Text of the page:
• Despite Col. Edmonson’s casual use of the word, no one was “forced” into DROP. It was a choice for anyone with 30 years of service, or 25 years of service for those 55 years old or older. Those who chose to not enter DROP simply continued to work, with the three years counted as regular service credit, and allowed the employee to draw the retirement benefits he/she accrued upon final retirement. Had Col. Edmonson, and myself, and others, chosen to not participate, his, and our, retirement benefit would have been what it took him a specious legislative effort to attain.
  • The form that each DROP participant had to sign made the options and possible outcomes very clear. It states, in no uncertain terms, that the employee understands that his basic retirement benefit is frozen at that time, that the decision is irrevocable, that service credit past the exit from DROP is calculated in a different manner, and that DROP may not be the best option, depending on future circumstances. It urges employees to consider their decision carefully and seek financial counsel before they choose to enter the program.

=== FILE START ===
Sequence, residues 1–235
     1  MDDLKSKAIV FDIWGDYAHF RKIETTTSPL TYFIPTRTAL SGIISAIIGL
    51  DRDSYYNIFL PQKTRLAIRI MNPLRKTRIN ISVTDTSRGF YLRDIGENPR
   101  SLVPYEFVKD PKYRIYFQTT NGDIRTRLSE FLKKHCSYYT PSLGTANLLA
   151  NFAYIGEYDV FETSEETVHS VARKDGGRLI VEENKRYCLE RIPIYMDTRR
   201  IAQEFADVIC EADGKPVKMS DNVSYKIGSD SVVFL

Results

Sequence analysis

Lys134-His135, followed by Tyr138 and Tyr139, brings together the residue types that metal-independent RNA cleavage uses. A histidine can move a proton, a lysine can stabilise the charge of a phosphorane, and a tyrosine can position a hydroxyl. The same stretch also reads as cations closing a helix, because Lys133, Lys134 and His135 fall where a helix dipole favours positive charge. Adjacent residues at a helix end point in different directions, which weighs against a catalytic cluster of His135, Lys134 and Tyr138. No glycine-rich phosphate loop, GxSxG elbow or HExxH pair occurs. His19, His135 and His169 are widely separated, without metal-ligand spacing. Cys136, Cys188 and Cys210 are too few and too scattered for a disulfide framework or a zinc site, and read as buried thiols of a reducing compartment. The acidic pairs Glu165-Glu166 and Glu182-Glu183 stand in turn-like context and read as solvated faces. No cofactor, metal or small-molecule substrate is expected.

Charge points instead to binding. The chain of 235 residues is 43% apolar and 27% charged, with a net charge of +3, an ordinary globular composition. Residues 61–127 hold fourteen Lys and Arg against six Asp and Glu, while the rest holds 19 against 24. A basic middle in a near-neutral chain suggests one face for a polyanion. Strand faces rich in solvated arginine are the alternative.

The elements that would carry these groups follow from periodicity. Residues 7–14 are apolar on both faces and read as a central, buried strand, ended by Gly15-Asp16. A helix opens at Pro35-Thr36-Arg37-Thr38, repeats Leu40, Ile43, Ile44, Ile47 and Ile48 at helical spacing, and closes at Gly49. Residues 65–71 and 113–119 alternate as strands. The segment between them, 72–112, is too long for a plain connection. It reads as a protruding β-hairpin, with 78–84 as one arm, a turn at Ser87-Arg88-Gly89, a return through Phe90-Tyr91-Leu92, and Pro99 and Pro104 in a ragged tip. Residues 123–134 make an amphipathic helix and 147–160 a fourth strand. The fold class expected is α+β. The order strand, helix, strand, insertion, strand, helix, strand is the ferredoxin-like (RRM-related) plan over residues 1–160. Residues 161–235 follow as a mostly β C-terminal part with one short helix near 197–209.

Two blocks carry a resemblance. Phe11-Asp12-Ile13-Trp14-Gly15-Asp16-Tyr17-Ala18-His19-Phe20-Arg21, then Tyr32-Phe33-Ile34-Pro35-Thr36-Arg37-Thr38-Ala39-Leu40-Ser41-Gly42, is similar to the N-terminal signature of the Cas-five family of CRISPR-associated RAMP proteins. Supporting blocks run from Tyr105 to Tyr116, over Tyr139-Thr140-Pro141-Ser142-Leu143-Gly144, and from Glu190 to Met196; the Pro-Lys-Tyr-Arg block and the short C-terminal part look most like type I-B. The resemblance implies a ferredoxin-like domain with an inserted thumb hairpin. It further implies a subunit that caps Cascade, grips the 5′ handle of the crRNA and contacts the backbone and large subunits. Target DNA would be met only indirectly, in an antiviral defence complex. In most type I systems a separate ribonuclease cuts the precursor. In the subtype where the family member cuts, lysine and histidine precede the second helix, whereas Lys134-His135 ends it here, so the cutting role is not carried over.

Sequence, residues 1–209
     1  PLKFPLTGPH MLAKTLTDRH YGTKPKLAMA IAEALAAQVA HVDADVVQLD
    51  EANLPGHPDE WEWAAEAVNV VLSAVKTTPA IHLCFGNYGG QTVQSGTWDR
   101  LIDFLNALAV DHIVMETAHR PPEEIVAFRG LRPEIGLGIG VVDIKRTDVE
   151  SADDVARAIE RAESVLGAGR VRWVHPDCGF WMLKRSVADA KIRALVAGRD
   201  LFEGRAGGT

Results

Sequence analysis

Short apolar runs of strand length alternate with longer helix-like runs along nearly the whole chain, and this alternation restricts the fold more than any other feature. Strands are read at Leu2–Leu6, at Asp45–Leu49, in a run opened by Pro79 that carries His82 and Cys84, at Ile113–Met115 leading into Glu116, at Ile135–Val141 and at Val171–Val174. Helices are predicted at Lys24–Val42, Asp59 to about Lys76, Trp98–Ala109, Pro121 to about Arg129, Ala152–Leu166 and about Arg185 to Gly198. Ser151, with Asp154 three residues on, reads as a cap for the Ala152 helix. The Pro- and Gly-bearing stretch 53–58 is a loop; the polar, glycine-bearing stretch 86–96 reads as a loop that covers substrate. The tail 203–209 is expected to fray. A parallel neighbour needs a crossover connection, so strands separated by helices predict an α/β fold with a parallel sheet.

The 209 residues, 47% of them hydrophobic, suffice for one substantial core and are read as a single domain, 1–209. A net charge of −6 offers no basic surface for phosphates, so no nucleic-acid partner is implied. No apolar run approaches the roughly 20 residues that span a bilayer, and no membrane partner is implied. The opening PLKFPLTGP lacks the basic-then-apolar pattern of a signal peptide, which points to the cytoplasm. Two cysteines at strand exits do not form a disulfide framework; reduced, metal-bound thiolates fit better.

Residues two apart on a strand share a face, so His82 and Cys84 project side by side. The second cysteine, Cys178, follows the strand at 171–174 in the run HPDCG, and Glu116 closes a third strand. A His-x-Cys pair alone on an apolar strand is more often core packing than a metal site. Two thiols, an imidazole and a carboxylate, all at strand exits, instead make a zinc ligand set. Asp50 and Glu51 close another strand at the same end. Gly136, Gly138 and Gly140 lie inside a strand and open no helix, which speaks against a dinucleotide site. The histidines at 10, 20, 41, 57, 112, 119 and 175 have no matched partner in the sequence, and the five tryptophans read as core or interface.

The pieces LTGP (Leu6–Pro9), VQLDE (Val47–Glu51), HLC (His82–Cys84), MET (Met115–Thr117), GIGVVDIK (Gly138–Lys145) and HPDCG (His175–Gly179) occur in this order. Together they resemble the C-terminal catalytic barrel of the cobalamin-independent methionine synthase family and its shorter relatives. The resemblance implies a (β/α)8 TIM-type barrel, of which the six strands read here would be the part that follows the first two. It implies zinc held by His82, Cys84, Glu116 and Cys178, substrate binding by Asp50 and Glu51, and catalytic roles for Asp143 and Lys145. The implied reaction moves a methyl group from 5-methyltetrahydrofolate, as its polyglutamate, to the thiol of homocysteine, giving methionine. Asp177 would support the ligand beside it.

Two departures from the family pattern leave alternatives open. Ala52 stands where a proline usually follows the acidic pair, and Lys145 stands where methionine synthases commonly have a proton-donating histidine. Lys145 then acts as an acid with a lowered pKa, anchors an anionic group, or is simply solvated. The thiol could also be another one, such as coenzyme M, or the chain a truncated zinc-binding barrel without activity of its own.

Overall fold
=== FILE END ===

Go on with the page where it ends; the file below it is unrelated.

• The articles I’ve read and the radio program in particular fail to mention the three years of retirement pay in Col. Edmonson’s DROP account plus the accrued interest and whether he plans to return that money to the system if he gets his new benefit. In my case, and I was in DROP at the same time as Edmonson, my account balance has nearly doubled in ten years. (And my eventual retirement benefit will be approximately 65% of what it would have been had I not chosen to go into DROP.)